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                                                                      photo by Kelly Weime

 

The Blues:

 

"Born in the South, the blues is an African American derived music

form that recognized the pain of lost love and injustice and gave

expression to the victory of outlasting a broken heart and facing

down adversity. The blues evolved from hymns, work songs,

and field hollers music used to accompany spiritual,

work and social functions.

Blues is the foundation of jazz as well as

the prime source of rhythm and blues,

rock 'n' roll, and country music.

The blues is still evolving and is still widely played today." 


 There is the problem of Jazz and the Blues being defined by nature of sound and form blue notes, 12 bars, 8 bars, 16 bars, or other structural devices like harmony or melody line. These kinds of analysis come from academic Euro-­centric thinking as opposed to “groove,” “swing,” and “emotion” which have for centuries been the underpinnings of the Music we play originating from Africa.

 

As a child growing up in the rural South, I went to church on Sunday and heard the choir sing. These old men and women sounded unlike any voices or music that I heard all the previous week on the radio or TV. It was at times music of joy and at other times of pain and  suffering with the release of hope for what was possible for the future. These were people not trained in formal ways of creating music. But they were in tune to the ways and experiences of life and often spoke of what they had learned from those who had gone before.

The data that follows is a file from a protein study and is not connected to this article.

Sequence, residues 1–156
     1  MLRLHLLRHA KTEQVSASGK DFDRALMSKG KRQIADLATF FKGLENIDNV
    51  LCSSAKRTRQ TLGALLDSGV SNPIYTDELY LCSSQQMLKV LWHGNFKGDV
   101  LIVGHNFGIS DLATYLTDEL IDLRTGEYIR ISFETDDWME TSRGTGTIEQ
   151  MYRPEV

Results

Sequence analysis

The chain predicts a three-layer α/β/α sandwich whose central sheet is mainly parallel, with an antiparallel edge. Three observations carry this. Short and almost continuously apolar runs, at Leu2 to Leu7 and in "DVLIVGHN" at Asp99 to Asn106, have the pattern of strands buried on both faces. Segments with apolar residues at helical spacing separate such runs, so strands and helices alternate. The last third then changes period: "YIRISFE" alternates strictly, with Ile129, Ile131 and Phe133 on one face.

When I asked Ms. Sally Jones about a particular inflected harmony she sang on “Sweet Hour of Prayer,” she said that it was her mother, Ms. Mary Comer's line. When I asked Ms. Mary why she sang it that way, she said, “Honey, it just feels right.” I often had to accompany the choir on piano.

But to do it always seemed wrong. They never sang in pitch with the piano. They had their own internal tonalities going on. What I heard on those Sunday mornings more than 60 years ago was a community with a strong sense of identity and purpose.

 

 I am not in these writings disparaging learning how to read music, or how to create representative musical symbols on paper or in computers or machines.

On the contrary, these are good things to know how to do. I believe it is my work to express in the Music the pain of loss, and injustice, and to give expression to the victory of outlasting our losses and to our facing down adversity. And in the Music I feel it a duty to remember the struggle and the overcoming, and to express faith, forbearance and hope in a better world.

This to me is what the music is about, not structures.